On 7 June 2021 an Embraer ERJ170 (G-CIXW) being operated by Eastern Airways on a non-scheduled passenger flight from Gibraltar to Birmingham had just begun descent from FL 380 when both primary and secondary pitch trim systems failed. The resultant excessive nose-down control forces in pitch and inoperative autopilot were addressed by the use of two hands on the control column. The remainder of the flight was completed without further event but during the landing roll the nosewheel steering system also failed.
After a delay of nine days in notification of the event, a Serious Incident Investigation was carried out by the UK Air Accident Investigation Branch (AAIB). As a consequence of this delay, relevant information from the CVR was no longer available but QAR data was provided by the operator and assisted the Investigation.
It was noted that the 48 year-old Captain had a total of 4,050 hours flying experience which included 83 hours on type. The corresponding experience of the First Officer, who was acting as PF until steering failure was annunciated during the destination landing roll, was not recorded.
What happened and why
The beginning of the descent from a cruise altitude of FL380 in Flight Path Angle (FPA) mode was normal but QAR data showed that after a short time, “increasing amounts of control column pitch down input were recorded with no change in pitch trim" until a jump in the recorded value from -2.4° to 0° around 90 nm from destination whilst passing through FL307. An EICAS ‘PITCH TRIM FAIL’ caution - which indicated a dual channel failure of the Horizontal Stabiliser Actuator Control Electronics unit (HS-ACE) - then appeared. In response, the PF intentionally disconnected the AP to preclude the consequences of a possible pitch trim runaway and soon afterwards, ‘AP FAIL’ was annunciated.
The ‘PITCH TRIM FAIL’ non-normal checklist was actioned but did not restore the system and it was noted from this checklist that the required landing slat/flap configuration would therefore be 5 and that 15 knots would need to be added to the calculated VREF FULL with the landing configuration established “early”.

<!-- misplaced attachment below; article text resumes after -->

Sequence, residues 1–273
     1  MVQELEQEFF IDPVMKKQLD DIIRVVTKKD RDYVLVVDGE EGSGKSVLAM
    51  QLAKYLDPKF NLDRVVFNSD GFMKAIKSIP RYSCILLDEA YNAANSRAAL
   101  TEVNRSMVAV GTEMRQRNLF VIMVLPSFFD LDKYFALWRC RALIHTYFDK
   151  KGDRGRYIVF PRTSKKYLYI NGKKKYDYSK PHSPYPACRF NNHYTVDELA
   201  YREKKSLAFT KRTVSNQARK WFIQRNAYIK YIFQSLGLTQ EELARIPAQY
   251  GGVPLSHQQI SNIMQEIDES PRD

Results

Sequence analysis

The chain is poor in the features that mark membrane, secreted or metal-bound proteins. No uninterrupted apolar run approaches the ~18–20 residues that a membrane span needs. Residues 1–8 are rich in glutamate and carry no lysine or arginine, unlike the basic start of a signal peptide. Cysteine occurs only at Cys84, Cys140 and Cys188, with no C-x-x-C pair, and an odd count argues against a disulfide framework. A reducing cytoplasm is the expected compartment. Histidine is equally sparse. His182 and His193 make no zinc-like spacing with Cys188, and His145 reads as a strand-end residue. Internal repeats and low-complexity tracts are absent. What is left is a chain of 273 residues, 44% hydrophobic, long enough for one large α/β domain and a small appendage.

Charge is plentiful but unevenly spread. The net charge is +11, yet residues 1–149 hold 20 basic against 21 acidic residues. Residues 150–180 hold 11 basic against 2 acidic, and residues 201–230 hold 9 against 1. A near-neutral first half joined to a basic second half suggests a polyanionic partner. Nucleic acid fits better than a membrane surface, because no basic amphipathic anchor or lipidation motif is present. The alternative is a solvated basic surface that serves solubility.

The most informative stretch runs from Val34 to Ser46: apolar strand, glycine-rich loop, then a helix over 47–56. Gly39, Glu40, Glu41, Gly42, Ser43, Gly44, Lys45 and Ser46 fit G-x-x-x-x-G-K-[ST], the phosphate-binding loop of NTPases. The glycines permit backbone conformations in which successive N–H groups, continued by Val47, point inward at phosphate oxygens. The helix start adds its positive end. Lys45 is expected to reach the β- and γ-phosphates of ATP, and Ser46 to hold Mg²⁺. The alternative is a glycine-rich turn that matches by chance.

The crew determined from the forces required to maintain the flight path and the trim indication, that both primary and secondary trim systems were inoperative which explained the AP dropout. No emergency was declared and the flight was subsequently radar vectored to an ILS approach to runway 15 at Birmingham. During final approach, the PF reported having found that pitch control required more effort than usual and to counter this, it was decided that the PF would keep both hands on the control column while the PM would cover the thrust levers (the A/T remained engaged). QAR data confirmed that the manual ILS approach had been stable.
On touchdown, ‘STEER FAIL’ and ‘FLT CTL NO DISPATCH’ cautions were annunciated and the Captain took control and brought the aircraft to a stop on the runway so that the ‘STEER FAIL’ checklist could be completed. He then completed the taxi in using differential braking and asymmetric power and, after engine shutdown, advised the operator’s maintenance control of the failures and resulting defect entries were made in the aircraft Technical Log. The subsequent rectification involved replacement of the apparently malfunctioning HS-ACE followed by a test of the Horizontal Stabiliser function.
Embraer reviewed relevant data from the event and noted that a SIL issued in August 2018 had indicated that HS-ACE trim actuator jamming was the likely cause of pitch trim failure with jamming attributable to water ingression in the actuator ball nuts due to condensation facilitating jamming in cold temperatures and long flights. It noted that during troubleshooting of trim malfunctions, the effects of the low temperature disappear so that operators may ”misdiagnose the root cause and replace the HS-ACE”. It was also observed that the Covid pandemic had led to the aircraft involved in the investigated event to be parked out of service for a lot longer than usual which may have affected the effectiveness of actuator lubrication which had caused them to include lubrication of the horizontal stabiliser in the ‘return-to-service’ preparations after prolonged parking. An unconnected sensor failure in the nosewheel steering system was found to be the cause of that (unconnected) malfunction and was replaced.
The Conclusion of the Investigation was formally documented as follows:
The failure of the pitch trim system probably occurred because of jamming of the horizontal stabiliser as a result of freezing of water ingression in the ball nut due to condensation. The Investigation found that the operator had lubricated the horizontal stabiliser at the intervals specified by the manufacturer to prevent such an occurrence.
Jamming of the horizontal stabiliser resulted in the loss of the pitch trim functionality. Consequently, the PF [First Officer] experienced greater than normal nose-down pitch forces on the approach. The PF delegated the monitoring of the throttles, which were still in autothrottle, to the PM [Captain] to allow him to use both hands on the yoke. The PF flew a stable approach and made a safe landing. However, on landing, the steer fail caution illuminated, as a result of an unrelated sensor failure. The Captain took control and brought the aircraft to a safe stop and taxied the aircraft to stand using differential braking.
The Final Report was published on 13 October 2022. No Safety Recommendations were made.